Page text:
I always wanted to write a review on Geetanjali, as it has been very close to my heart and always will be, but something stopped me every time I made an attempt. Maybe it was the memory of all the overflowing emotions which I had experienced while reading these poems or it was my immense love and respect for its writer that made me feel unworthy to make any sort of comment on his work, I cannot point out. But today, after my small discussion with Steven on Geetanjali, I walked to my desk, picked my copy of this book, held it tight in my hands as if I might lose myself in my beloved solitude if I dont hold onto these pages. Geetajali is now sitting next to me; Tagores beautiful gleaming eyes are looking lovingly at me, telling me to write this review. She sat next to me and read a few poems aloud, from her favorite passages she had marked as a child. On my 13th birthday, my mother gifted me a beautiful brand-new-hardcover edition of Geetanjali, which was filled with poems in Tagores handwriting along with their English translations and beautiful pictures of Bengal. So like always, I selected my favorite corner of our house, sat down and started reading my new gift. Let me remind you, this was my first serious venture into reading poetry, I didnt know what to expect but because my mother appreciated it so much I had a lot of expectations from these poems. At the immortal touch of thy hands my little heart loses its limits in joy and gives birth to utterance ineffable. There was a time when I stopped reading all other books, it was just Geetanjali for me. I was having a serious love affair with my new-found favorite book. I read it everyday, aloud, to let those words sink into my heart with their weight of beauty. Even today I find my eyes filled with tears as I read these poems. Though he wrote these poems out of spiritual love or maybe for other million reasons, I believed that out of those million reasons, one would have been to support my existence in this world. He was a spiritual man, and his poems depict that love. Passing Breeze Yes, I know, this is nothing but thy love, O beloved of my heart---this golden light that dances upon the leaves, these idle clouds sailing across the sky, this passing breeze leaving its coolness upon my forehead. Another one which depicts his longing for His love: She She who ever had remained in the depth of my being, in the twilight of gleams and of glimpses; she who never opened her veils in the morning light, will be my last gift to thee, my God, folded in my final song. He takes roles of a child, a lover, a farmer, a poet, a prisoner, a musician, to explain his love in various forms but equally great.I wish I could quote every single line from every single poem and show you how lyrical and scintillating his writing is. Don't let my writing decide if you should read this book or not, read it nevertheless.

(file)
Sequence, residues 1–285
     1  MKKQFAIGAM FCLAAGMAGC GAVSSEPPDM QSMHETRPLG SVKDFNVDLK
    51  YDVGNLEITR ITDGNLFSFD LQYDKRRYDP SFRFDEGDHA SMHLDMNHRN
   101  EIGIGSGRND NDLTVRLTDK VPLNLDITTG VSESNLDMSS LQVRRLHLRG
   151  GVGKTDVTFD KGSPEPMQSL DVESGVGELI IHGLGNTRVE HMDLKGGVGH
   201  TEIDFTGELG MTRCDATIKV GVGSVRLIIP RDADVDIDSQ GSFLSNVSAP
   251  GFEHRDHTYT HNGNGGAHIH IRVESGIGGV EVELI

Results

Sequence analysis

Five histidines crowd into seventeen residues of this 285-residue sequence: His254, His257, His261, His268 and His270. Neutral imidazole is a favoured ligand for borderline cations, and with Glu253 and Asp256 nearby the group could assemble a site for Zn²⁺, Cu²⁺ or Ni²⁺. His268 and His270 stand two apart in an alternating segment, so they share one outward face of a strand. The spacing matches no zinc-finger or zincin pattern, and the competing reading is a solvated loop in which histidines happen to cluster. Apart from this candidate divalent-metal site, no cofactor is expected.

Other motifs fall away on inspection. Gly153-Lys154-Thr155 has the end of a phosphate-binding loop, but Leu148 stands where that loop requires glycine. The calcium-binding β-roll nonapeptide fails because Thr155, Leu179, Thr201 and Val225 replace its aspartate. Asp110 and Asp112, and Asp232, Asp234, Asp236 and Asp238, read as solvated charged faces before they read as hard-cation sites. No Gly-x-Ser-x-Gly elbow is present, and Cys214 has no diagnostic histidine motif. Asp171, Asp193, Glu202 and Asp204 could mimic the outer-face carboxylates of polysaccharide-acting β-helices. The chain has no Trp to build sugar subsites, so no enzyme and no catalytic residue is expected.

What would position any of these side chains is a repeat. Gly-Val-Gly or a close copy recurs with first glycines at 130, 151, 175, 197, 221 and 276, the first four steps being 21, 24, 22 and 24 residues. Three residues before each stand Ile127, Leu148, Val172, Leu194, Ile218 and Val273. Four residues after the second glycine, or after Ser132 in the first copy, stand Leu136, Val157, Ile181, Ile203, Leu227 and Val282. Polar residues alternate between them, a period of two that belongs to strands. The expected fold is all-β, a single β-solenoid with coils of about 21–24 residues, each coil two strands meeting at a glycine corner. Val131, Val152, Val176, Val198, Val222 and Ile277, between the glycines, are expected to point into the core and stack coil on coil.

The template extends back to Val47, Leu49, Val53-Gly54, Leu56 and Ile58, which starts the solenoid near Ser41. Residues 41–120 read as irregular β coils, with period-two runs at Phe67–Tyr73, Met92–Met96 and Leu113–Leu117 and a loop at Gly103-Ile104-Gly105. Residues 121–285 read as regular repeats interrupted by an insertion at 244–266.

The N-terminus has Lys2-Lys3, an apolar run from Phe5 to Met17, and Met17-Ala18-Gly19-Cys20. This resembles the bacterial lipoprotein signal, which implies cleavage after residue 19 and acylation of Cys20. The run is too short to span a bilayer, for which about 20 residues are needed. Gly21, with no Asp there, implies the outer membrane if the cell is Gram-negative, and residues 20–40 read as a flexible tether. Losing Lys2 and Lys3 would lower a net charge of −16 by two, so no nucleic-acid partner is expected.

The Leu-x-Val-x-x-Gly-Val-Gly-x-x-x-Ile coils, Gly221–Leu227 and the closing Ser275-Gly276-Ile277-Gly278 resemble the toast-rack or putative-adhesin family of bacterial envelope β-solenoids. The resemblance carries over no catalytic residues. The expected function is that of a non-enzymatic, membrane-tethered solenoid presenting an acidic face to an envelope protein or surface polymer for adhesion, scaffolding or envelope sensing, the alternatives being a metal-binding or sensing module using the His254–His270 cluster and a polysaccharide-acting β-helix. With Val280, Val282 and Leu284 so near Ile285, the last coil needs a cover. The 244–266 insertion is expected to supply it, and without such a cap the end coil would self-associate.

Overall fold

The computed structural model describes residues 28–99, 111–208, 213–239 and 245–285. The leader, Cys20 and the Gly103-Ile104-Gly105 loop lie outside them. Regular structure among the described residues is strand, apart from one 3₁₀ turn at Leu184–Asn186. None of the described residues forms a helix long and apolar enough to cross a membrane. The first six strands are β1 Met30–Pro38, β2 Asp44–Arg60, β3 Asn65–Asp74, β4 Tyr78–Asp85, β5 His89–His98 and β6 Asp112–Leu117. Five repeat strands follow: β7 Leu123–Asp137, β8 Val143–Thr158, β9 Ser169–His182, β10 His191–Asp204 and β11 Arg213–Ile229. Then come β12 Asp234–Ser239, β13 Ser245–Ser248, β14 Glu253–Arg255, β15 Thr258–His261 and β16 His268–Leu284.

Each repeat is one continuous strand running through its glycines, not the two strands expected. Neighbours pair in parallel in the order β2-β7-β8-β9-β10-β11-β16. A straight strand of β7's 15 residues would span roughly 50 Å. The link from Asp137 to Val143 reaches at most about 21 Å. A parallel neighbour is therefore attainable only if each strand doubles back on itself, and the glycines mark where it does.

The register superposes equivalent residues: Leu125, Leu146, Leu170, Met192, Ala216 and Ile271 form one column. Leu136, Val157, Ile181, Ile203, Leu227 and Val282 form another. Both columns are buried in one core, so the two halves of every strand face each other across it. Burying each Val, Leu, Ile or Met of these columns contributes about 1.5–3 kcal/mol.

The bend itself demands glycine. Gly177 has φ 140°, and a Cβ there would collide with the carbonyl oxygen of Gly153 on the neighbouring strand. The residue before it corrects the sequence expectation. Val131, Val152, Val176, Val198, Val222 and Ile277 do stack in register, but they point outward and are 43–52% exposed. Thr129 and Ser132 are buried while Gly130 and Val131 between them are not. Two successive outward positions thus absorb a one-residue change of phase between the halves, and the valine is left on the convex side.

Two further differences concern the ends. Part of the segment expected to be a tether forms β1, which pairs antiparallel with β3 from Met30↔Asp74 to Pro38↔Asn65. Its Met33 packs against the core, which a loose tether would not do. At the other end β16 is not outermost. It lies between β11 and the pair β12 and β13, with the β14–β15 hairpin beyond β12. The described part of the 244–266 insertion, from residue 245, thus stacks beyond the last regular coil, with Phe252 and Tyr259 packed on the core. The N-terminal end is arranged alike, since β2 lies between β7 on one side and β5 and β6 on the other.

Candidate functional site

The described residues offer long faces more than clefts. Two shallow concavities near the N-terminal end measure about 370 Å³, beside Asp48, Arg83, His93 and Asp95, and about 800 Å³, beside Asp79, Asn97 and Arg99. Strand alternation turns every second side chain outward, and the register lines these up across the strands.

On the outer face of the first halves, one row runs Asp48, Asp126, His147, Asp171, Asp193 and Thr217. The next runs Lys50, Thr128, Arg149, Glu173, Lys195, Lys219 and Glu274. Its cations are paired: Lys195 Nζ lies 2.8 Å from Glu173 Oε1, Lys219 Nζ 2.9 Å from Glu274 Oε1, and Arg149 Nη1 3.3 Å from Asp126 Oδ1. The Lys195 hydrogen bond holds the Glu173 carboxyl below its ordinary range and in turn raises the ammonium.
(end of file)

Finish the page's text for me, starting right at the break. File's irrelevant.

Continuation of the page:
Born in 1861 and having found his calling at the tender age of eight, Tagore chiselled his artistic bent to perfection by diligently harbouring an observant and free stream of thought in his heart. Passionately championing the dream that all his countrymen shared at that point in time, he etches out in this beautiful poem the country he wants to breathe in: Where the mind is without fear and the head is held high; Where knowledge is free; Where the world has not been broken up into fragments by narrow domestic walls; Where words come out from the depth of truth; Where tireless striving stretches its arms towards perfection; Where the clear stream of reason has not lost its way into the dreary desert sand of dead habit; Where the mind is led forward by thee into ever-widening thought and action Into that heaven of freedom, my Father, let my country awake. Ornaments would mar our union; they would come between thee and me; their jingling would drown our whispers' (#7) Deeply drunk in the bounty of nature and ever slipping to hold a fulsome slice of this luscious being, he sings with a mesmerized heart, about its many beautiful children: The sleep that flits the babys eyes does anybody know from where it comes? The smile that flickers on babys lips when he sleeps Does anybody know where it was born? Yes, there is rumour that a young pale beam of a crescent moon touched the edge of a vanishing autumn cloud, and there the smile was first born in the dream of a dew-washed morning the smile that flickers on babys lips when he sleeps. Yes, when the mother was a young girl it lay pervading in her heart in tender and silent mystery of love the sweet, soft freshness that has bloomed on babys limbs. (#61) At the swoop of death, his philosophical eye merges the two worlds into one, equating their warmth to that of a mother: I was not aware of the moment when I first crossed the threshold of this life.